The last calendar year was a tough one for a lot of people, but for attackers searching for vulnerabilities to exploit in enterprise networks, 2021 provided an embarrassment of riches. Among the top targets for malicious actors last year were the collection of ProxyShell and ProxyLogon bugs, the Apache Log4j vulnerability, and the ZeroLogon flaw in Microsoft’s Netlogon Remote Protocol, according to a new advisory from intelligence and law enforcement agencies in the U.S., UK, Canada, Australia, and New Zealand.
The advisory lists the most commonly exploited vulnerabilities from 2021, and not surprisingly, the brand name bugs lead the pack. Last year was an unusual one, with more than its share of branded vulnerabilities that actually were serious issues and not just attention grabs. The ProxyShell, ProxyLogon, and Log4Shell bugs all fall into that category, requiring quite a lot of effort from defenders and drawing plenty of attention from attackers. All of the vulnerabilities in the advisory have fixes available at this point, and several of the bugs were disclosed in 2018, 2019, or 2020.
In the advisory, officials warn that attackers are being more and more aggressive in going after vulnerabilities as soon as they’re disclosed.
“We are seeing an increase in the speed and scale of malicious actors taking advantage of newly disclosed vulnerabilities,” said Lisa Fong, director of the New Zealand Government Communications Security Bureau’s National Cyber Security Centre.
Among the 15 most commonly exploited vulnerabilities listed in the advisory, eight of them were in Microsoft Exchange Server, including seven ProxyLogon/ProxyShell flaws. Collectively, those vulnerabilities, which allowed remote code execution on target servers, caused massive headaches for defenders throughout the summer of 2021. After the initial disclosure of the bug in June, several other related flaws emerged in the following weeks and attack groups took advantage. A variety of actors exploited the ProxyLogon and ProxyShell bugs, including some ransomware groups and APT teams.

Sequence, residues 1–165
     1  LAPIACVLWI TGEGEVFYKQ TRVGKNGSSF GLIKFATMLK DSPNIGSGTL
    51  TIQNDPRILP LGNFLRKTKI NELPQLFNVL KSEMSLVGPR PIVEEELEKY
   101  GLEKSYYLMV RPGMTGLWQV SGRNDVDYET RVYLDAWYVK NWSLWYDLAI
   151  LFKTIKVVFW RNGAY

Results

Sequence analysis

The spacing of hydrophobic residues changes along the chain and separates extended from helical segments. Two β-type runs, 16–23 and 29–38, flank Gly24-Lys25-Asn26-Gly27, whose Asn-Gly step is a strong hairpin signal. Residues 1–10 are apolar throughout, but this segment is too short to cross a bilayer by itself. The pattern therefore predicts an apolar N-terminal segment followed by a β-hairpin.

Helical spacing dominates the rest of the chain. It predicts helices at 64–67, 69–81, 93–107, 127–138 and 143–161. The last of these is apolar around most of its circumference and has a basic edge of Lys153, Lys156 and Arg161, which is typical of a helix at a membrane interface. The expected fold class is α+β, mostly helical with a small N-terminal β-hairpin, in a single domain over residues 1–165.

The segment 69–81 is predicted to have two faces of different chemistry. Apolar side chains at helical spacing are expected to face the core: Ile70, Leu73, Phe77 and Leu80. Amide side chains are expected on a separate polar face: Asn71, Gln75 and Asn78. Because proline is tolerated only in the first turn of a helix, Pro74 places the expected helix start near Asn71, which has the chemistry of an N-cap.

While Microsoft made patches available for those vulnerabilities many months ago, that doesn’t mean that every affected organization has deployed them, a fact that attackers are well aware of and happy to use to their advantage.
“We know that malicious cyber actors go back to what works, which means they target these same critical software vulnerabilities and will continue to do so until companies and organizations address them,” said CISA Director Jen Easterly.
One of the other commonly exploited vulnerabilities in 2021 was a flaw in Atlassian Confluence, which is used widely in enterprises and government agencies in many countries.
“In affected versions of Confluence Server and Data Center, an OGNL injection vulnerability exists that would allow an unauthenticated attacker to execute arbitrary code on a Confluence Server or Data Center instance,” the Atlassian advisory for CVE-2021-26084 says.
Attackers tend to follow the path of least resistance and are unlikely to spend time and resources finding a new flaw and developing an exploit for it when there are soft targets freely available.
"This report should be a reminder to organizations that bad actors don't need to develop sophisticated tools when they can just exploit publicly known vulnerabilities," said NSA Cybersecurity Director Rob Joyce. "Get a handle on mitigations or patches as these CVEs are actively exploited.”